Find out which player might help you dominate your fantasy football playoffs if you pay attention
It happens every year in fantasy football. Late in the season, just as the stretch drive begins, a player comes out of nowhere and helps one lucky owner dominate their fantasy playoffs. Wouldn’t it be awesome if that fantasy owner was you?
It’s possible, and the way to do it is really pay attention to some deep sleepers. Most of these guys are later round picks, and some of them might even be dropped sometime during the season. But at some point, they could be given their opportunity to shine, and you need to capitalize along with them.
Note: Players listed in alphabetical order
Corey Coleman, WR, Cleveland Browns
Coleman didn't exactly have a sterling offseason, narrowly avoiding assault charges and missing offseason training programs because of a hamstring injury. After sitting out six games last year because of a hand injury, there might be more red flags than positives. Still, Coleman's explosiveness can't be denied, and with Terrelle Pryor (and his 140 targets) in Washington and tight end Gary Barnidge (and his 82 targets) on the free agent market, Coleman is the longest tenured of the Browns' receiving corps. Inconsistency could still be an issue, but a healthy Coleman should see a big improvement from Year 1.
Austin Hooper, TE, Atlanta Falcons
If you enter the last couple rounds of your draft and Hooper is on the board, it wouldn’t be a bad idea to draft-and-stash him. The rookie burst onto the scene with two big games early last season before slowing down due to injuries and sharing time with Jacob Tamme. But he came back strong in the latter part of the regular season, continued his strong play in the playoffs, and broke out in the Super Bowl, finishing with a team-high six targets and a TD catch. With Tamme gone, Hooper is the clear favorite to start at tight end, and many people like his potential. He recently spent the offseason in southern California with Matt Ryan to further develop their chemistry. The Falcons are again expected to have a high-scoring offense, and Hooper is in line to be a big part of it.
J.J. Nelson, WR, Arizona Cardinals
Last year, John Brown was the Cardinals' receiver everyone wanted, but he flopped hard, scoring just two touchdowns, although his health had a lot to do with that. Brown is still a candidate to break out this year, but the even more diminutive Nelson (5-10, 160) has plenty of appeal of his own. He finished last season with a touchdown in four of the final five games, totaling 30 targets over the final three contests. He wasn’t always consistent (one catch twice during this span), so the "boom-or-bust" label applies, but it’s also fair to assume that Arizona likes what Nelson brings to its offense.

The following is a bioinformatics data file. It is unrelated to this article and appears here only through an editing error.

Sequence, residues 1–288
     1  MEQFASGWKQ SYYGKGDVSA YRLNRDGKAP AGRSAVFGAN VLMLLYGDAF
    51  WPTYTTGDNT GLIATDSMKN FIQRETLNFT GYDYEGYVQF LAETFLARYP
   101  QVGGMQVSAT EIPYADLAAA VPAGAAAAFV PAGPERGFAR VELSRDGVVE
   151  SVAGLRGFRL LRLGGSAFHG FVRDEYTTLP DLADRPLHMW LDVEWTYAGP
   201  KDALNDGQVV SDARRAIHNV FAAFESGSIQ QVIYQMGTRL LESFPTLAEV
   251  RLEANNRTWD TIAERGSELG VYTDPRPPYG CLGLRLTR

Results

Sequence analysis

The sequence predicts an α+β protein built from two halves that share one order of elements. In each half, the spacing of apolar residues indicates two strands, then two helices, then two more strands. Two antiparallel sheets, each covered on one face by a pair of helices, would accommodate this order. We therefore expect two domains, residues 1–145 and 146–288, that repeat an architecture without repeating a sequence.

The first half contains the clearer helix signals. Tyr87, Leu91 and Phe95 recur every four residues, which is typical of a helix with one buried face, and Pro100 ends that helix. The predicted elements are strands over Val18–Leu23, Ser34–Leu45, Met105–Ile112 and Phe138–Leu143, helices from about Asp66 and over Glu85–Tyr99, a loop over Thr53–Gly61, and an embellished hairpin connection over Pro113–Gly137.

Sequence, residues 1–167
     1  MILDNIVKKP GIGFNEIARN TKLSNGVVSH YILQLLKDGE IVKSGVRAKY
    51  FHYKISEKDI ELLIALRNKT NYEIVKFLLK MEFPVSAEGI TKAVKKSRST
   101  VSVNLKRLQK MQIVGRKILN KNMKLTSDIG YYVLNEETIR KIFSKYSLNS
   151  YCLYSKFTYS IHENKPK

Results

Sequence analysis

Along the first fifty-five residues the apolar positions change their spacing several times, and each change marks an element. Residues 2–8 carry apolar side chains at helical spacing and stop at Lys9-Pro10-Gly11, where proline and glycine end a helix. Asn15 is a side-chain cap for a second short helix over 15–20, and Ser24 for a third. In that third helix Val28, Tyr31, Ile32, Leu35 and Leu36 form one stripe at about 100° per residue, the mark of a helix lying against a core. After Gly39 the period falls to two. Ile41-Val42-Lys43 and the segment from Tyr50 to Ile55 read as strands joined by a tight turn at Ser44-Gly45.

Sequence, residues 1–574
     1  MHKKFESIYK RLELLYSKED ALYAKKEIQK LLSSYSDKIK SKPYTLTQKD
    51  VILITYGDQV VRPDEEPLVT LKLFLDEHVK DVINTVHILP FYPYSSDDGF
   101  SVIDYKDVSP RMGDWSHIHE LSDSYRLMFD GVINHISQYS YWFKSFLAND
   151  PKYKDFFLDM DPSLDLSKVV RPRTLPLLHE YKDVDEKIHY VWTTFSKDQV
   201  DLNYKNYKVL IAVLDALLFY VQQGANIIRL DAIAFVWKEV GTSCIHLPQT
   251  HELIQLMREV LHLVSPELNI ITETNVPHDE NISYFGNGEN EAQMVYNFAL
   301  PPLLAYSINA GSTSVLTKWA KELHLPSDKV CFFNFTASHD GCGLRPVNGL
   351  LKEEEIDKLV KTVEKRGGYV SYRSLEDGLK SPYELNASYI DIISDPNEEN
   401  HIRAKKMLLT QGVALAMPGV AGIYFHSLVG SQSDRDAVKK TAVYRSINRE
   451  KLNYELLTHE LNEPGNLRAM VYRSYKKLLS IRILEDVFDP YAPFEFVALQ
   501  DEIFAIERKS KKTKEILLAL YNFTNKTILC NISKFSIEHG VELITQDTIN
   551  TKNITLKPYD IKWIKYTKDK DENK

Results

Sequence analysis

Samaje Perine, RB, Washington Redskins
Every year it's seems to be a different Redskins running back that generates some preseason buzz. It was Matt Jones and then Rob Kelley the past two offseasons, and now Perine is being touted by some as the next big thing to come out of Washington’s backfield. The record breaker from Oklahoma certainly has the pedigree, but Kelley was solid last year and won't give up the starting job easily. Still, Perine is almost certainly more explosive, and it's not a stretch to imagine him starting early in the season. Given Washington's relatively healthy 4.5 yards per carry as a team last year, Perine could shine and could very well be this year’s version of Jordan Howard.
Deshaun Watson, QB, Houston Texans
Sure, Watson is still technically behind Tom Savage on the depth chart, but there’s a reason the Texans moved up in the draft to get the former Clemson star, and it wasn’t to sit on the bench for an entire year. Watson finds himself in a great situation as far as offensive fit and supporting cast goes, not to mention being in a division that appears to be relatively wide open. Watson has DeAndre Hopkins as his No. 1 target, a home-run threat (when healthy) in Will Fuller V, and a reliable receiver in running back Lamar Miller. C.J. Fiedorowicz and Ryan Griffin also have proven to be solid tight ends. Even though he’s a rookie, it’s hard to envision Watson struggling as much Brock Osweiler did with basically the same set up. Watson also has shown an ability to make plays with his legs, collecting 21 rushing touchdowns over his final two years at Clemson. Watson could end up being a valuable stash pick that may pay off later in the season.
Jamaal Williams, RB, Green Bay Packers
The Packers' RB depth chart currently consists of converted wide receiver Ty Montgomery and a bunch of rookies. Williams is reportedly at the head of that rookie class, which means he's not that far away from starting for one of the most high-powered offenses in the NFL. The 6-foot, 213-pound fourth-round pick out of BYU ran for 1,375 yards and 12 TDs in 10 games last year.
Joe Williams, RB, San Francisco 49ers
There are some reports coming from 49ers training camp out in the Bay Area that indicate Williams could be in a timeshare with Carlos Hyde as early as Week 1. While that remains to be seen, this could be an indication that Hyde may not be the best fit for new head coach Kyle Shanahan’s offense. Williams didn't do much as a receiver in college (20 catches in two seasons with Utah), so he'll have to improve on that aspect to succeed in the same vein as Devonta Freeman and Tevin Coleman did with Atlanta. But unless Tim Hightower can hold off Williams, there appears to be a fairly clear path to a relevant number of touches. And perhaps sooner rather than later.
— Written by Michael Horvath, who is part of the Athlon Contributor Network. Horvath is a Canadian who also happens to be a fantasy football (not to be confused with CFL) and fitness nut. Follow him on Twitter @realmikehorvath.